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The Deer Trail Route

View from the Fire Tower Lookout. • Credit: City of Elliot Lake
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The Deer Trail Route

Five Fall Activities You Should be Doing on the Deer Trail

Experience the natural wonders of East Algoma.



It's always fun to take the road less travelled. Old highways and backroads can you lead to adventures that you wouldn't have found any other way. Roads like these are generally low traffic and always lead to magnificent panoramic views of charming rural countryside. The Deer Trail Touring Route is no different. This 120-km route follows old highways into some of the best scenery in Ontario.

It's a winding road with breathtaking views: rugged rock faces and cliffs, old-style bridges, old-growth forests and the open road. In summer, the landscape is lush and green, while in the fall the landscape is vibrant shades of yellow, orange and red. But it's more than just a road through the wilderness. The Deer Trail Route leads to many outdoor activities that everyone can enjoy.

1. The Fire Tower Lookout

woman and dog over looking view)

View from the Cupola Gazebo. (Photo credit: Lortz Photo)

Located just outside of Elliot Lake is a replica of an old-fashioned fire ranger lookout station. It provides a 360-degree, panoramic view of the city and surrounding area: the North Channel of Lake Huron, Manitoulin Island, and even the United States. The Fire Tower Lookout stands 1,000 feet above sea level.

Onsite: Telescope, restored Ranger's cabin originally built in the mid-1950s, picnic area, the Cupola Gazebo and playground

2. Hikes and Nature Walks

fallhiking HollyWitteman(Photo credit: Holly Witteman)

Nothing beats a hike surrounded by bright fall colours and pure crisp air! There are a wide range of hiking trails on the Deer Trail that lead to spectacular fall colour views and chances for wildlife viewing. Mississagi Provincial Park is home to six trails for beginners, intermediates and hikers who are looking for a challenge. Elliot Lake is home to the Sheriff Creek Wildlife Sanctuary and local trails as well.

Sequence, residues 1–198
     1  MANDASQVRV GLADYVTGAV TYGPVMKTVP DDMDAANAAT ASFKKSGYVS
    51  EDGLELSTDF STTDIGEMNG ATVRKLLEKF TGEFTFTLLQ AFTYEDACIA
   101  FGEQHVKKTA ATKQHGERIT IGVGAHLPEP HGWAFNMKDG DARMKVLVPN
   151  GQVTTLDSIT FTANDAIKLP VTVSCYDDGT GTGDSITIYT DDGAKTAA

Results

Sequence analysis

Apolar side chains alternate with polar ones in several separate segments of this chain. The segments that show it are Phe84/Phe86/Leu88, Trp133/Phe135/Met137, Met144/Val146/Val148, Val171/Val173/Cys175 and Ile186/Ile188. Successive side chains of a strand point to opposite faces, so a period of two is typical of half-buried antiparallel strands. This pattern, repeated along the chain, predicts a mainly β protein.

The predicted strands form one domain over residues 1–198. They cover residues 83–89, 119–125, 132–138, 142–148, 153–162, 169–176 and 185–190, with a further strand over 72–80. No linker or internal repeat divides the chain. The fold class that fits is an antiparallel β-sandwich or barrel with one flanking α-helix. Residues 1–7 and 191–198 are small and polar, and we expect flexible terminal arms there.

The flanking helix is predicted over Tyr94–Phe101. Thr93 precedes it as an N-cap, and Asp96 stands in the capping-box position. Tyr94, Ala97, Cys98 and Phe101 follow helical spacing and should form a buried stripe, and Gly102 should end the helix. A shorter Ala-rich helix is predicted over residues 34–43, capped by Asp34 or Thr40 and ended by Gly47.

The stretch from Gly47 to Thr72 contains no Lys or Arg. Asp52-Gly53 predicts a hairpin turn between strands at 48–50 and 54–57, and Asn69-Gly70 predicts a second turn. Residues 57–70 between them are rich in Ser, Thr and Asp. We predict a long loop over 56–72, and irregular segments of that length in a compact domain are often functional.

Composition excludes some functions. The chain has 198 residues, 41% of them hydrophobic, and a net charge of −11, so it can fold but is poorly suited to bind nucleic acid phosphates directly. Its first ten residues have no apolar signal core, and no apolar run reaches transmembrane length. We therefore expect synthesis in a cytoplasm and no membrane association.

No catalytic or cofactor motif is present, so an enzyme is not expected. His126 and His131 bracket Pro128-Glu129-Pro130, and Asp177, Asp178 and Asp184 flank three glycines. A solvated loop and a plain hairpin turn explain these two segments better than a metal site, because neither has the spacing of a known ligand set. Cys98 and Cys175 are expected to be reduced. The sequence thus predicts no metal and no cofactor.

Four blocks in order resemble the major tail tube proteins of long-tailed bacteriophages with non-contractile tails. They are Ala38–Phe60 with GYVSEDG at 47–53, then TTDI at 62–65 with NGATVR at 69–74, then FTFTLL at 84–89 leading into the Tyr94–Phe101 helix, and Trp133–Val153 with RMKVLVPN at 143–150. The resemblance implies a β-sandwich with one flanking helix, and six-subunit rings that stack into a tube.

Try the Boom Camp Interpretive Park in Blind River. The Boom Camp trails offer 12 km of trail that lead to really amazing vistas and coastal views.

Remember to pack: water, snacks, trail maps

3. Geocaching

If you're going to hike, why not geocache too? This is definitely a great way to explore the Deer Trail on foot as it combines hiking and treasure hunting. There are many geocaches hidden in the areas of Elliot Lake, Blind River, Iron Bridge, Spragge and Algoma Mills.

From June 2022 to June 2023 take part in the Huron Shores GeoTour.

Don't forget to pack: water, snacks, and some trinkets to add to the caches

4. A Fall Picnic at the Beach

Just because the water is a bit chilly for a swim, doesn't mean you can't still enjoy the beach. Fall is a beautiful time of year for a picnic on a sandy beach. Pack a lunch, fill the thermos with hot chocolate, grab a snuggle blanket and you're off. Beaches on the Deer Trail that you will want to picnic at Spruce Beach or Spine Beach (Elliot Lake), Lauzon Beach (Algoma Mills), and Fourth Sands Beach (Blind River). Don't feel like making lunch? That's ok! There are many restaurants, coffee shops, food trucks and grocery stores along the route where you can purchase take-out or pick-up fixings to make your own lunch. Combine this with a hike or nature walk and you've got a date that's sure to impress.
Facilities: washrooms/change rooms, picnic areas

5. Artisan Tours, Fall Festivals, and Fairs

There are some excellent fall festivals, artisan tours and events that take place in the month of September:

Communities on the Deer Trail Touring Route

More Activities to Do

  • Timber Village Museum (Blind River)
  • Elliot Lake Nuclear and Mining Museum
  • Iron Bridge Historical Museum
  • Heritage Park Museum (Little Rapids)
  • Cycling the North Channel of Lake Huron section of the Great Lakes Waterfront Trail

Leg Stretch Stops

  • Tally Ho Park (Iron Bridge)
  • Miners' Memorial Park (Elliot Lake)


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